SEOUL — The prospect for a historic summit between President Trump and Kim Jong-un is rising, but it won’t happen if things don’t go smoothly Friday when the North Korean leader first meets with South Korean President Moon Jae-in for their own high-stakes one-on-one meeting.
North Korea says it is ready to halt testing of its nuclear weapons programs indefinitely, but Mr. Moon is still under immense pressure to get Mr. Kim to publicly declare that he is willing to discuss total abandonment and dismantling of the weapons he already has. Washington has drawn the red line for serious talks toward sanctions relief to proceed.
South Korean officials said Mr. Kim signaled such willingness to them during a private meeting last month, but the North Korean leader hasn’t said anything in public.
“So President Moon knows that if he cannot get some kind of denuclearization statement from Kim on April 27, people will consider the summit a failure,” said Joonhyung Kim, a regional geopolitics researcher at South Korea’s Handong University who is part of a circle of analysts advising the Moon administration.
“We need to hear it from Kim Jong-un’s mouth,” Mr. Kim told The Washington Times.
The likelihood of a Trump-Kim summit even without a clear denuclearization statement from Mr. Kim seemed to get a boost with the revelation last week that CIA Director Mike Pompeo held a secret meeting with the North Korean leader in Pyongyang early this month.
But concern over the issue has persisted amid Pyongyang’s claim that it is willing to scrap a major nuclear test site and indefinitely halt nuclear and missile tests because it is confident it has achieved its goal of developing a nuclear arsenal that can ward off attacks and ensure the survival of the regime.
Denuclearization is just one of the major issues looming over the Moon-Kim summit Friday in the village of Panmunjom, along the heavily guarded Demilitarized Zone that has divided the Korean Peninsula since the armistice that ended the 1950-1953 hostilities.
Another major question centers on the extent to which Mr. Moon makes promises to the North that diverge from views of hard-liners in the Trump administration. Such promises could relate to Pyongyang’s desired retention of intercontinental ballistic missiles or the speed at which the Kim regime can expect relief from crippling international sanctions.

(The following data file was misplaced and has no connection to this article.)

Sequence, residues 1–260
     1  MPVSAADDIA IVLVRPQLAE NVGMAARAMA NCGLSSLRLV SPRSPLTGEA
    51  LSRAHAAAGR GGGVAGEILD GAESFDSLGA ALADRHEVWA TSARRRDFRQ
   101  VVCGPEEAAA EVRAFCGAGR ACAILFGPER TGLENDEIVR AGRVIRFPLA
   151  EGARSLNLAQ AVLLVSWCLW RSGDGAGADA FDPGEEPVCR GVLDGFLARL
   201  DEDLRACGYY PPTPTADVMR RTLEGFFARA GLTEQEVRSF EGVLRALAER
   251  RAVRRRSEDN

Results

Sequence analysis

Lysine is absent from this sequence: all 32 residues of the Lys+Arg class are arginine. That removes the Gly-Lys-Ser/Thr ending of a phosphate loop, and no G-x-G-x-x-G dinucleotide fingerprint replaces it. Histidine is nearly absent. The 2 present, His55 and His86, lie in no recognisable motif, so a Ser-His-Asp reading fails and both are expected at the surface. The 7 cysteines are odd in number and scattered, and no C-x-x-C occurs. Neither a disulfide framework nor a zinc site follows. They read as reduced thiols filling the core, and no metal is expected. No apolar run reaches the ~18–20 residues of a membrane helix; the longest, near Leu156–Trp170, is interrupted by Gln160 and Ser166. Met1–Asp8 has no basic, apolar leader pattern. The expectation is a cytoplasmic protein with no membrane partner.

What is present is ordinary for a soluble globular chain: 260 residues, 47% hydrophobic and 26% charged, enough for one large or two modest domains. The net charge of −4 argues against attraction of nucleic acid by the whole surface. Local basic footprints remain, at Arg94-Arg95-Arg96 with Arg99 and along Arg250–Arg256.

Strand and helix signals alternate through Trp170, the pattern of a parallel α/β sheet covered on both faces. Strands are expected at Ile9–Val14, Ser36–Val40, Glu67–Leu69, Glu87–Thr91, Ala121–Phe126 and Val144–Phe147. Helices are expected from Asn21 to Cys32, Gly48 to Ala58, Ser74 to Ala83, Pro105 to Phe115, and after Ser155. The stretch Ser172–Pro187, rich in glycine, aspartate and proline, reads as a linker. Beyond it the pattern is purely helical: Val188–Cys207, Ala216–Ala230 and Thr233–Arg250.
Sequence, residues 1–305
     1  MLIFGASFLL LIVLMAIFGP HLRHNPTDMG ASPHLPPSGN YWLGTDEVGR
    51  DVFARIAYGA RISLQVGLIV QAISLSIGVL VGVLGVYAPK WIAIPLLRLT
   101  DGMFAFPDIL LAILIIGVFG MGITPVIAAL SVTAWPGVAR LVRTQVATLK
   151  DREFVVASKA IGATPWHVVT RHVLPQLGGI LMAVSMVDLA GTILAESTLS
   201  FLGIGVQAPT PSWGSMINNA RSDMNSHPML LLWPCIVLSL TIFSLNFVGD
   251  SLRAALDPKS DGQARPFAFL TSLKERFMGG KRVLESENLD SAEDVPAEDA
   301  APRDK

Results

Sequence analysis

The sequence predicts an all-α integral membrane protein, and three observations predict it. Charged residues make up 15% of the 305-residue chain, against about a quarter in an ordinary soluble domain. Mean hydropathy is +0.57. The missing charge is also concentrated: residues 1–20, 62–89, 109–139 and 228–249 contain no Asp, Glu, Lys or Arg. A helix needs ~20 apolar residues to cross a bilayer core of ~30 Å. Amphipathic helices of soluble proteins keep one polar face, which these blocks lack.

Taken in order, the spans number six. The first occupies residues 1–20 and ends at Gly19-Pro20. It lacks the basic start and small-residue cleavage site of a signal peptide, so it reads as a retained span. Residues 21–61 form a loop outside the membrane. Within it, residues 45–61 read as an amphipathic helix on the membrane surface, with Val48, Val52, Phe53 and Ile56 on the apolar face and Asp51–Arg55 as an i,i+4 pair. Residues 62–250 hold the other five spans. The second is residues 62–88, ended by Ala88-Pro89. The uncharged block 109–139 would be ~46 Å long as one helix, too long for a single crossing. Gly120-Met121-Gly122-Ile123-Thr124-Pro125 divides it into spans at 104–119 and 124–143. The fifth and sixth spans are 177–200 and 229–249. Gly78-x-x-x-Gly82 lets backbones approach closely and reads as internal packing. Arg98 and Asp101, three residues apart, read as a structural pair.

Mr. Moon, who has long advocated a policy of outreach to Pyongyang, may simply seek to keep talks alive with the North, regardless of pressure from Washington.
Where the Trump administration is seen to desire an “all-or-nothing deal” that can be reached quickly, many here say Mr. Moon is committed to a slower approach — one that has denuclearization as a goal to be achieved over a significant time frame.
One senior official, who spoke on the condition of anonymity, said Mr. Moon’s advisers are confident that they have persuaded the Trump administration to go along with this “very gradual approach that will eventually lead to reaching our collective goal of denuclearization.”
The official said the “situation is complex,” with Mr. Moon playing the delicate role of “mediator between Trump and Kim.”
Mr. Moon’s conservative critics here fear that the South Korean president may be overconfident and risk losing Washington’s trust by yielding too eagerly to Pyongyang. “I wouldn’t be surprised if some of these [expletives] in the Moon administration are talking more to the North Koreans than they are to the Americans at this point,” one former high-level official told The Times.
But most South Korean analysts say Mr. Moon knows what’s at stake.
“President Moon is going to be trying with maximum effort to persuade Kim Jong-un to keep his commitment to denuclearize and to not step back from the commitment he already made in private to a special delegation that went to Pyongyang,” said Paik Hak-soon, a top North Korea specialist with the Sejong Institute think tank outside Seoul.
But Mr. Paik said a range of other issues will likely be discussed Friday, including a push to set clear guidelines for regular high-level military-to-military communications between North and South, with the goal of avoiding a clash should the diplomatic push melt down.
‘Anything is possible’